Quick Guidelines for Making Your Survey Design Cleaner

Written by PortMA

Quick Guidelines for Making Your Survey Design Cleaner

http://beamsandbobbins.co.uk/product/spiritboard-key-tidy Personally, I find that survey data becomes burdensome somewhere around the 20th question. That applies to both paper and online surveys, though for different reasons. The first steps to making these large datasets manageable start all the way back to programming and setting up the survey. In this post, I’ll discuss four survey design guidelines that help you receive data in an organized fashion.

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The first fix is for designing a survey online. Find every open-ended field where consumers enter a number (year of birth being the most frequent). Make sure you set restrictions on that field so your results are conforming.

By setting a requirement that the “year of birth” field be exactly four digits, you prevent people from entering their age instead. This survey design guideline helps you to avoid the hassle of trying to clean a list of two-digit birth dates or having to delete large amounts of data because you can’t discern whether it is an age or a year.

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It’s important to create a unique ID that associated paper surveys with the paper result. This allows you to compare your entered result to the actual document, letting you check for transcription errors.

You can help yourself further by making that unique identifier something relevant to the data. I’ve found by making my identifier either the date the survey was entered, or the date the survey was completed plus a letter (e.g. 0614a, 0614b, etc.) I can easily find the paper survey associated with any result.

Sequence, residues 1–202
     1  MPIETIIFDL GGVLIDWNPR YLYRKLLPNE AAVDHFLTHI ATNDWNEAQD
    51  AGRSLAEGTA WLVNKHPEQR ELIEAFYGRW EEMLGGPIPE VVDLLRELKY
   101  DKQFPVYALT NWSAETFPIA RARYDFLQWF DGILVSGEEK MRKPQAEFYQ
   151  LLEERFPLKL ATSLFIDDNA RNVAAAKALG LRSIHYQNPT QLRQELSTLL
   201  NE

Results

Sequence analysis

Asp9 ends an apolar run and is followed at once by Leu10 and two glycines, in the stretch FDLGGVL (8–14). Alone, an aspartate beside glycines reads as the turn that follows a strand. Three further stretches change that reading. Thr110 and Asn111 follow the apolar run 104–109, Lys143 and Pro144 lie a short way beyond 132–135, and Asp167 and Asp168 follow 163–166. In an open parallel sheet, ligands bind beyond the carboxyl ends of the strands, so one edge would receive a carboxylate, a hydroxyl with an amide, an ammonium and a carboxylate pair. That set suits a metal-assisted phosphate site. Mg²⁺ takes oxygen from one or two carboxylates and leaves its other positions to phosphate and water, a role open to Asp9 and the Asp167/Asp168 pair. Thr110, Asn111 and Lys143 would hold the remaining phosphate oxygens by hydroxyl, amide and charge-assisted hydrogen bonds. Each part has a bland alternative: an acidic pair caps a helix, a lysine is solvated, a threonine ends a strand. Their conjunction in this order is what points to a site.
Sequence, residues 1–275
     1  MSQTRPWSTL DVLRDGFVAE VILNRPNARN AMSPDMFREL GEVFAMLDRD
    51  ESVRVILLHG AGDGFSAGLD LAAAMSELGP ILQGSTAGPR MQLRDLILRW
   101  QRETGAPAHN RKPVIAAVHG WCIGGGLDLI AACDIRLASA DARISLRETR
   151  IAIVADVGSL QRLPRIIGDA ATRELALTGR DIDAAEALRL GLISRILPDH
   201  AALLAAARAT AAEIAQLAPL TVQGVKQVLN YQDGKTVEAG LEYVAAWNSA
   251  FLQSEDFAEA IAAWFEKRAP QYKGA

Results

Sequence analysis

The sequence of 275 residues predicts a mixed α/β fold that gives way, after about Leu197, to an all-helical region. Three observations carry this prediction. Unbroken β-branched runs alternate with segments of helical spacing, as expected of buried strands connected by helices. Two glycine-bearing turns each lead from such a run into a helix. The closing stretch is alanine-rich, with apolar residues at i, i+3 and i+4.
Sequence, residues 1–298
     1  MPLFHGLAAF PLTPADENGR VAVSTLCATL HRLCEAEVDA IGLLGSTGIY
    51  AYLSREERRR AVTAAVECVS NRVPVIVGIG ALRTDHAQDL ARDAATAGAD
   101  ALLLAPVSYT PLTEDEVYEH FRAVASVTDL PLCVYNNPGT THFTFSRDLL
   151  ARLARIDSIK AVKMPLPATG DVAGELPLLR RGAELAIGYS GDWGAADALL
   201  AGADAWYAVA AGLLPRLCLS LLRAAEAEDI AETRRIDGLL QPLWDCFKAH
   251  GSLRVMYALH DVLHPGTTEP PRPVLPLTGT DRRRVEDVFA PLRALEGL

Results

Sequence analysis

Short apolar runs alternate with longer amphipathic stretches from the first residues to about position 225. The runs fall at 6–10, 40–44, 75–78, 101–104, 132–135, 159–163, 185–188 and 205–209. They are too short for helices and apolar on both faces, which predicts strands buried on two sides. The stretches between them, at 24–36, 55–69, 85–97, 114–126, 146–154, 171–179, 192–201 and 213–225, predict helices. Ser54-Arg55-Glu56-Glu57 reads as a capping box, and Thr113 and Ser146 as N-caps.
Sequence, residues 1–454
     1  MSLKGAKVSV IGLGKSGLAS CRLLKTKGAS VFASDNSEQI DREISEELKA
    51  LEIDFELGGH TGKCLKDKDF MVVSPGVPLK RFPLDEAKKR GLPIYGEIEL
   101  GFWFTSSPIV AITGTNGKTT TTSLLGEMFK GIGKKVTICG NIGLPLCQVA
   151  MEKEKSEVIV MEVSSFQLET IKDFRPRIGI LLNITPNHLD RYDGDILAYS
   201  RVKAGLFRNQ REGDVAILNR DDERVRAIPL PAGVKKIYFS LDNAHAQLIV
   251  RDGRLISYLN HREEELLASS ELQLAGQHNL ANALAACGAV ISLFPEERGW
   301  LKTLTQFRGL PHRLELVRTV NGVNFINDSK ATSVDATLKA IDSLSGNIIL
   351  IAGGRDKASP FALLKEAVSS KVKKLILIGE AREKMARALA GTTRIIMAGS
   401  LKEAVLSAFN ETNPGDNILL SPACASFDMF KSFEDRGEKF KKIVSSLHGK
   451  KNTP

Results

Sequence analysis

Guiding readers through the survey

Include instructional text in every question where it is relevant. While this does get tedious, it reinforces good habits in your ethnographer and makes sure that at no point is a multi-select mistaken for a single-select question or vice-verse. This survey design guideline is particularly important for paper surveys.

Requiring an appropriate number of pages

Finally, make sure you condense a paper survey design to a singular page. Having a second page doubles the number of pages you receive and increases the possibility of lost data in the event the pages become separated. Should the pages arrive loose-leaf, all of your results could be invalidated if the pages become separated.

With one-page surveys a stack of papers being knocked over is annoying. With multi-page surveys, it could ruin an entire project.

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